What is Expungement and How Do I Expunge My Criminal Record With a Lawyer in Williamson County Texas?

Being implicated in a crime can have life altering ramifications, with criminal records often excluding well meaning citizens from many high paying jobs, esteemed universities, and even housing leases. Despite being found innocent in the eyes of the law, many are still devastated by the effects of the criminal justice system due to an unjustified arrest or conviction remaining on their record. Luckily, for those wrongfully accused, there is a process known as expungement that removes the negative implications often associated with arrest. Keep reading to learn more about what expungement is and the steps required to expunge a criminal record with a lawyer in Williamson County Texas.

What is Expungement? 

Expungement is the process of legally removing an offense from one’s criminal record. This results in the destruction of any physical files regarding said offense and the removal of the offense from all online databases. Those with expunged records are fully absolved of a criminal history and legally allowed to deny that they were arrested. In Williamson County Texas, a lawyer can assist in expunging ones criminal record for any case in which:

  • An arrest was made but was not followed up with formal charges
  • Charges were dismissed
  • An acquittal or pardon was reached
  • Sentencing occurred as a juvenile

The expungement process is done for arrests and convicted crimes cannot be removed from a record unless the conviction was overturned. If your case corresponds with any of these factors, here’s a rundown of what to expect when working with a lawyer to expunge your criminal record in Williamson County Texas.

Application Waiting Period:

Before you hire a lawyer to apply for record expungement, it is important to know that you have surpassed the application’s mandatory waiting period and are eligible to apply for expungement. The waiting period to apply for an expunction differs depending on your case, and if your case has been pardoned, dismissed, acquitted, or overturned there is no waiting period. For Class C misdemeanors the waiting period is usually 180 days after arrest, with Class A and B misdemeanors usually having a year long waiting period and felonies having a 3 to 5 year long waiting period.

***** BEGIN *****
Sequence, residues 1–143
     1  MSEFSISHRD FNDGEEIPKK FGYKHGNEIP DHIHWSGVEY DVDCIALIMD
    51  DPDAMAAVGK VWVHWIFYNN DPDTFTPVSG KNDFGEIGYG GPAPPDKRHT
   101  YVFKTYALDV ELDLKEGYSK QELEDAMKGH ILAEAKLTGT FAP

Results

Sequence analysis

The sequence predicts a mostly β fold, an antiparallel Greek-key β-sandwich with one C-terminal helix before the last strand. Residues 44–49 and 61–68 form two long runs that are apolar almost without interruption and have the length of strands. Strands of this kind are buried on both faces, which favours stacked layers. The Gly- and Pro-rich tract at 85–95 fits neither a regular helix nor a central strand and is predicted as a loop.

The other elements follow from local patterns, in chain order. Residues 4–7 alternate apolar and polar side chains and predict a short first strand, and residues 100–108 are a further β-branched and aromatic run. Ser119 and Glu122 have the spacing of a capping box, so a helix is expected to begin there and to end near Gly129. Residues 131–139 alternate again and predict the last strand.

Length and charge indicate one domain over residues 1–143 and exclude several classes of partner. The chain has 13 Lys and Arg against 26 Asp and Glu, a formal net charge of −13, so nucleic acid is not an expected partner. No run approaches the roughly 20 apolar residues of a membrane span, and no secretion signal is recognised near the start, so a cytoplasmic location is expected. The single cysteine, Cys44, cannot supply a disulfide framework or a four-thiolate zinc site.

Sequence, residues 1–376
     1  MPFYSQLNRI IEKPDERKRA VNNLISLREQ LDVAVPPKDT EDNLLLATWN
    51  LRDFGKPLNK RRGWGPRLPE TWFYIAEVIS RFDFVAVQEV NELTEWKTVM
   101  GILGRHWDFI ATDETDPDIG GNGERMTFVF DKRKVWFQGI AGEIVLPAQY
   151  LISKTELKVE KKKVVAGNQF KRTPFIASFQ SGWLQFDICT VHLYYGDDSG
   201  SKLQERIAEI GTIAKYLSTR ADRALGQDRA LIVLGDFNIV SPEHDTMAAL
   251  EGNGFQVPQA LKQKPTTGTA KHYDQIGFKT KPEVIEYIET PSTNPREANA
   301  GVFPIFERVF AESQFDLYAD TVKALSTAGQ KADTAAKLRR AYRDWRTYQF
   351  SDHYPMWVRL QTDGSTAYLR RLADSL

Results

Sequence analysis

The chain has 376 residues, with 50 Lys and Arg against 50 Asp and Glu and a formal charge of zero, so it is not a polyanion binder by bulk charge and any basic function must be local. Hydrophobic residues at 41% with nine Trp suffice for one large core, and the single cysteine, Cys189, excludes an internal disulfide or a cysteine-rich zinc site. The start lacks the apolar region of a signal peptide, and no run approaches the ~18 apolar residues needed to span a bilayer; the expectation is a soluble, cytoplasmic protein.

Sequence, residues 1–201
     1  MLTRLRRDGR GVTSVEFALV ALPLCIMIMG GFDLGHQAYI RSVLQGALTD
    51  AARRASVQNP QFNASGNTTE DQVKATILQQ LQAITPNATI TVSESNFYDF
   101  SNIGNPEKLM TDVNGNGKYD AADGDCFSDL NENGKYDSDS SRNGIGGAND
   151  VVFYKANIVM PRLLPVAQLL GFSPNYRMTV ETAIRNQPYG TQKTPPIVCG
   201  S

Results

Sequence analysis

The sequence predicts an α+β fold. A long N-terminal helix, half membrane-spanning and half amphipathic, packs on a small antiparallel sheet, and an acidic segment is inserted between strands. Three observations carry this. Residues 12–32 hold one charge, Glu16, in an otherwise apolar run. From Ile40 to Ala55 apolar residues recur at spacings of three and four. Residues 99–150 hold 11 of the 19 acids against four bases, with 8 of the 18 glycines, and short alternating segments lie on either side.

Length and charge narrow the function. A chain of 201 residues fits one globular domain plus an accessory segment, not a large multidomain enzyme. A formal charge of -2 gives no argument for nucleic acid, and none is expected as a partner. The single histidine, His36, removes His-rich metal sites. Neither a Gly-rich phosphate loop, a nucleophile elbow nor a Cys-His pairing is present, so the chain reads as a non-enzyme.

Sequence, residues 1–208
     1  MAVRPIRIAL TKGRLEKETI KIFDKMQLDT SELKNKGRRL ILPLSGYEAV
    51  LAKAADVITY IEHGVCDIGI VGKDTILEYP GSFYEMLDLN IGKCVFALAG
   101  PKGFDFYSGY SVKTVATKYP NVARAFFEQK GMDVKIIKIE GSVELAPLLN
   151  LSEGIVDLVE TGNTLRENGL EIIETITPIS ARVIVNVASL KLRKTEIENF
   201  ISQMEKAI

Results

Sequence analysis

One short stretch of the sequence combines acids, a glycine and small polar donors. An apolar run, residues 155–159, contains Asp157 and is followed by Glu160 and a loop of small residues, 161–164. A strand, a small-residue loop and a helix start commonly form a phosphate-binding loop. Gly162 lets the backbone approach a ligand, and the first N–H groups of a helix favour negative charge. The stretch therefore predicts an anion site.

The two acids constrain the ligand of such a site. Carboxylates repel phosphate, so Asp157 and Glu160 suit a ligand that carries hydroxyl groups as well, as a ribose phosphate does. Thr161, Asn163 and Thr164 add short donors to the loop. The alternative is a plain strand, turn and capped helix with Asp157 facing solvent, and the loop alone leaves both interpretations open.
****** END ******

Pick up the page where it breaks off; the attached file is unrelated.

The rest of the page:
Petition for Expungement:

If fully eligible, to begin the expungement process you must first file a petition. Filing an expungement petition in Texas costs around 300 to 600 dollars, but petitions should reserve an additional $1500 to $3000 for the guidance of an expungement attorney. The petition should include information such as the charges, the circumstances, date, and location of the arrest, the arresting authority, and a list of all the agencies that may have the arrest record. Once you have completed and notarized your petition, you will have to file it with either the municipal, district, or county court depending on the charges.

Court Hearing and Order of Expunction:

After filing an expungement petition, you will have to wait at least 30 days for a hearing appointment. At this hearing, those listed as having a record of your arrest will be given an opportunity to contest the expunction. If you are granted an expungement, an Order of Expunction will be signed by the judge and issued to all agencies with a record of the (now expunged) arrest. Your record should be clear from any background check databases within 60 to 90 days of the court order, with agencies taking up to 12 months to fully destroy arrest records.

Nondisclosure Orders:

If your case is ineligible for expunction but you have completed deferred adjudication you are likely eligible for a nondisclosure agreement. In Texas, a defendant can agree to deferred adjudication (commonly known as probation) and upon completion can have their case dismissed by the court. In these instances, a defendant cannot have their record expunged but is usually eligible for a nondisclosure order unless charged with a violent or heinous crime.

A nondisclosure order will not fully destroy your records, but will limit your records accessibility, bringing many of the same benefits as an Order of Expunction. A nondisclosure order is filed in the same manner as an expunction and if granted seals your records from all but government agencies.

If you’re from Georgetown and your case is eligible for an expunction or nondisclosure order don’t hesitate to find a lawyer to expunge your criminal record in Williamson County Texas.

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